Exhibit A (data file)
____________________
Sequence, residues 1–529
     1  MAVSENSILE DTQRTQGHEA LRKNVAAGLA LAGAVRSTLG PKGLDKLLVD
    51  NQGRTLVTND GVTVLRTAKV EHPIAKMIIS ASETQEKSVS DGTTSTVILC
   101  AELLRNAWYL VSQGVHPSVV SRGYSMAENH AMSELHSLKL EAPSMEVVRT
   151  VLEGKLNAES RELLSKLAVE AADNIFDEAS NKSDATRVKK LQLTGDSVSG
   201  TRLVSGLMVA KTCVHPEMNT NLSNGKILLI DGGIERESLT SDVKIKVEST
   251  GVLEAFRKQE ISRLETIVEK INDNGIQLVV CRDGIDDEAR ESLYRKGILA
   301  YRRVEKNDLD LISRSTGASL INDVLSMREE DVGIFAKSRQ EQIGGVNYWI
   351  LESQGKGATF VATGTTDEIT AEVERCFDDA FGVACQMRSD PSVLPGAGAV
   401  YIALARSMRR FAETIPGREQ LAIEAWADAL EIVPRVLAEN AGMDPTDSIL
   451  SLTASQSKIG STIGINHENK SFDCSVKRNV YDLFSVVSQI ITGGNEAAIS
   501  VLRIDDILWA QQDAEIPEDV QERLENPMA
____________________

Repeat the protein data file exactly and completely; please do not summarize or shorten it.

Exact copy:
Sequence, residues 1–529
     1  MAVSENSILE DTQRTQGHEA LRKNVAAGLA LAGAVRSTLG PKGLDKLLVD
    51  NQGRTLVTND GVTVLRTAKV EHPIAKMIIS ASETQEKSVS DGTTSTVILC
   101  AELLRNAWYL VSQGVHPSVV SRGYSMAENH AMSELHSLKL EAPSMEVVRT
   151  VLEGKLNAES RELLSKLAVE AADNIFDEAS NKSDATRVKK LQLTGDSVSG
   201  TRLVSGLMVA KTCVHPEMNT NLSNGKILLI DGGIERESLT SDVKIKVEST
   251  GVLEAFRKQE ISRLETIVEK INDNGIQLVV CRDGIDDEAR ESLYRKGILA
   301  YRRVEKNDLD LISRSTGASL INDVLSMREE DVGIFAKSRQ EQIGGVNYWI
   351  LESQGKGATF VATGTTDEIT AEVERCFDDA FGVACQMRSD PSVLPGAGAV
   401  YIALARSMRR FAETIPGREQ LAIEAWADAL EIVPRVLAEN AGMDPTDSIL
   451  SLTASQSKIG STIGINHENK SFDCSVKRNV YDLFSVVSQI ITGGNEAAIS
   501  VLRIDDILWA QQDAEIPEDV QERLENPMA